Michael Light: Yeah. I think it's important if we're going to have a good deal, and have repeat sales everyone needs to leave the room happy. Now if that isn't possible I think it's better not to try, and make the deal happen because it will just fall apart later for one side, or the other. If I selling am not happy with the price, and the terms, I'm not going to be happy with that client. If they feel they got screwed they're not going to be happy, so you've got to see is there an overlap on both sides being happy, and where is that, or just speak to that, and say, “Hey, this just isn't a good fit.”
Joe Girard: There's two words in mind that kill me inside. You know the slide that I say it's a really sad puppy, and I tell people, hey, when you use these words this puppy gets sadder, and sadder. The two words are discounting, and chasing. When we feel like we have to discount our services, and we're chasing people that's really heavy. That weighs on us, and I see in people that's always a default thing they do. I'm chasing these people. I have to discount. The price is wrong. I say, “No-no-no, you're not connecting with the real goals that they have. You're really not going into where you need to be.”
Michael Light: Wow. Whenever a discount is being used to make a sale that means the connection work is not being done. If you're chasing someone, and they're not replying to your emails, or replying to your voicemails, or picking up your calls, again, there is not that connection.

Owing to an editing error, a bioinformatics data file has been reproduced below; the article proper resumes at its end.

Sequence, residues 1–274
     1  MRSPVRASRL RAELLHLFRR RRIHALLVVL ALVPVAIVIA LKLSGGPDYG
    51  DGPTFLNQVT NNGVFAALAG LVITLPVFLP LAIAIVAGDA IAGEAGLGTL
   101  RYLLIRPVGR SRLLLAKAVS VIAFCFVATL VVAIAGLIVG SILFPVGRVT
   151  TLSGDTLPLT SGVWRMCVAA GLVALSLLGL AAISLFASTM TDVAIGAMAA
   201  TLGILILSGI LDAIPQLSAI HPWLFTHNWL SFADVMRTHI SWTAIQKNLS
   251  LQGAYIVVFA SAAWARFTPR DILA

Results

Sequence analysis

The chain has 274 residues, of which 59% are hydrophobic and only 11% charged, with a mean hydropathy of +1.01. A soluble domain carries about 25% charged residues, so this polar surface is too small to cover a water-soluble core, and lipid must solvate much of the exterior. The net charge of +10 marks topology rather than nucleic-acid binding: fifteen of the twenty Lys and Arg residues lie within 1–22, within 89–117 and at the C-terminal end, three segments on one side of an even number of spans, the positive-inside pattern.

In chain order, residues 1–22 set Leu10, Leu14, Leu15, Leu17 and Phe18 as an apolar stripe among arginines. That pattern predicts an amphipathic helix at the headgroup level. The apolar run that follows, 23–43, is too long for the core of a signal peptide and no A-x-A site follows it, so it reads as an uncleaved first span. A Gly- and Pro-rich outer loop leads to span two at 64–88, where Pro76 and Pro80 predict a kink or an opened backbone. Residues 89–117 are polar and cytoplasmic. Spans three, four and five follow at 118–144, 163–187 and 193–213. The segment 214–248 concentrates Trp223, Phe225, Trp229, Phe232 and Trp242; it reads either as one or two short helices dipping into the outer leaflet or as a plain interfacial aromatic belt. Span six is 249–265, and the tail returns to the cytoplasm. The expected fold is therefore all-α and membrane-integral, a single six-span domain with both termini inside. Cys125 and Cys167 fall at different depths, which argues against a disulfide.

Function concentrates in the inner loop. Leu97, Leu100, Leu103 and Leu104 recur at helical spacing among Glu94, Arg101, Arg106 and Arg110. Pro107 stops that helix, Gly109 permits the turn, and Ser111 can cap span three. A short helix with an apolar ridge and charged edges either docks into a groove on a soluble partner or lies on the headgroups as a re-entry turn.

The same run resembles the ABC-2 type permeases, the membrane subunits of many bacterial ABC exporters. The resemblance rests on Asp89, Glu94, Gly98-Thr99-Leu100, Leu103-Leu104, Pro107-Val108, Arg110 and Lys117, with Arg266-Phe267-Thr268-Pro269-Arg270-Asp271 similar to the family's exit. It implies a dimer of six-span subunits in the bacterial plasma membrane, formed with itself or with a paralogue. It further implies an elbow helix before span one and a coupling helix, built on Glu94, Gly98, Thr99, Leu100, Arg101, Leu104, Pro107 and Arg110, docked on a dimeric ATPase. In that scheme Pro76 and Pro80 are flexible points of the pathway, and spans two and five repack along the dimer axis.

Joe Girard: Yeah, and it makes you look less in their eyes as well. We always talk about you want to have a partnership. You want to have an ownership mentality not a sales person mentality. You want to be a resource not a nuisance. There's all sorts of things we can talk about. Really it's are you adding value in every interaction? Are they seeing that value, or do they just treat you as an afterthought? When they treat you like an employee you've lost. When you're chasing people we use sequences, we use formulas, we use different ways to try and connect with people because you can't just try it once. You have to keep reaching out, but when you feel like you're chasing people, and then you're getting rejected that's really tough, and that's draining.
Michael Light: Wow. Yeah, I mean, that's a good clue that you're not doing this connection. You're not being authentic. I'm sure all of us in sales have experienced that, so that's a wake-up call. If your clients, or prospects are not returning your calls, or if you're having to discount to make a sale you're not doing that connection work. You're not doing your authenticity work.
Joe Girard: It's true. One of the things we see is prospects do disappear. They go quiet, and again, it goes back to you might not be a priority, so not to take that personally. We look at sequences, and say if they don't respond in this amount of time then we need to kind of go back, take a step back, and add more value to them not keep trying to push because every time we try and push forward when they said no to something it means that we are chasing, so going back, and giving them more value, adding something else, helping them think about their business differently than they are. If you get people to think differently about themselves they'll think differently about you, and that's really what we're trying to help people do, but if you're just chasing, and saying “When can we?” or giving them work then you're going to look less in their eyes, and you're going to be annoying.